We are aware of the limitations of microscope-navigated AR, in particular the intraoperative brain shift,2 the incomplete identification of the lenticulostriate arteries (LSAs) given the limitations of the 3D time-of-flight (TOF) MRI,7 and the variation in tractography processing algorithms.6 Therefore, AR is used as a surgical guide to increase awareness of the anatomical structures that is integrated with the intraoperative neuromonitoring (continuous motor evoked potentials provided by the subdural strip electrodes, cortical monopolar mapping, and continuous subcortical mapping with suction probe) and provisional diagnosis (intraoperative cytological smear). Conventional angiography,5 3D TOF MRI sequence,7 3D ultrasound,8 and micro-Doppler9 have also been described as useful for a better understanding of the vascular relations of the insular tumors with the M2/M3 branches and perforators, thereby assisting in prevention of vascular injuries. However, several limitations were pointed to regarding these methods, particularly the variability in number of LSAs identified by each method, thus reinforcing the role of a multimodality approach.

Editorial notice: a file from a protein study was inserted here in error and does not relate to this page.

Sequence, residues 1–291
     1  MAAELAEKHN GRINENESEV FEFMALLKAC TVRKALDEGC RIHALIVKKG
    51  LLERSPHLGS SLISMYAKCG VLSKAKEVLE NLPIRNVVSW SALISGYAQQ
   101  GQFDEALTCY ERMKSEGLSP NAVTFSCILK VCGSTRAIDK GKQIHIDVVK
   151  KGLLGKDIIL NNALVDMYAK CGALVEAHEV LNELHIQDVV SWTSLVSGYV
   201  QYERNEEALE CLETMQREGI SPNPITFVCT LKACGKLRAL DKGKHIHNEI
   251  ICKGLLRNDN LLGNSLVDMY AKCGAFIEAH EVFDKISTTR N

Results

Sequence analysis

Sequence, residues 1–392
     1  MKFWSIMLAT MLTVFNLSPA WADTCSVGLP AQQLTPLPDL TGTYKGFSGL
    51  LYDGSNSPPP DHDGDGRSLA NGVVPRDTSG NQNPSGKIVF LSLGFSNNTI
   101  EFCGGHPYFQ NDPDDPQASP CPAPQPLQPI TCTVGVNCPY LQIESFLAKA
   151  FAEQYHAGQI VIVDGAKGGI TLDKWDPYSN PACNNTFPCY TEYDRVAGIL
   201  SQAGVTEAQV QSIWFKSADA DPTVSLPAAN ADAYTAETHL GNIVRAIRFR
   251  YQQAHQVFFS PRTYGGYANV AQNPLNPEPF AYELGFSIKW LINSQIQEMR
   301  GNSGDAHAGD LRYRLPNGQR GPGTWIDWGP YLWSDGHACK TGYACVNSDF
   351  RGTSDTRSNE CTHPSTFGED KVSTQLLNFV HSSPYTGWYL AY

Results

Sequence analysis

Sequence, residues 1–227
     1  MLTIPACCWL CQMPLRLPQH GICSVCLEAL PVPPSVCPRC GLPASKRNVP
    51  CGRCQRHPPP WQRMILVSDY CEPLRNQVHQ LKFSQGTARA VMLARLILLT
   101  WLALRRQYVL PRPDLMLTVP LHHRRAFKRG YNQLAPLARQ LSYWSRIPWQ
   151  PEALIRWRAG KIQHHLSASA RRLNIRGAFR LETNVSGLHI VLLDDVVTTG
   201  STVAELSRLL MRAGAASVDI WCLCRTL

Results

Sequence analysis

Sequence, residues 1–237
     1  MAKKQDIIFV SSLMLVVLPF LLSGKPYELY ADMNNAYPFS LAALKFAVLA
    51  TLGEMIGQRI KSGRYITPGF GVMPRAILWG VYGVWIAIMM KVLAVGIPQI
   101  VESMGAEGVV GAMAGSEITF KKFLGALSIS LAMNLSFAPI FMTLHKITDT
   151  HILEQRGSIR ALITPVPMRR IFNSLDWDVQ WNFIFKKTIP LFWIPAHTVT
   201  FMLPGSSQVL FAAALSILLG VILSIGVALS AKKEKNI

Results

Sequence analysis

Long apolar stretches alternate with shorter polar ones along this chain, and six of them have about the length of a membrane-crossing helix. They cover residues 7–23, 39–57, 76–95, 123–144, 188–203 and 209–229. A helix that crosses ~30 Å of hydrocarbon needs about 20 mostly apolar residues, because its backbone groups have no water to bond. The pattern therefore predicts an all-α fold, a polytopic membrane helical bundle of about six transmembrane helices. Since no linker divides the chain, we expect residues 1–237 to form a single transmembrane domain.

Hervey-Jumper and Berger3 recognize the relevance of these methods in assisting the resection and minimizing the postoperative morbidity, and they also recognize the role of the LSAs as the medial boundary of insular glioma resection. Our group supports the use of AR during the cortical window approach to provide a better understanding of the cortical, subcortical, and vascular functional anatomy in tailoring the surgical approach and the extent of resection.

Disclosures

The authors report no conflict of interest.

References

  • 1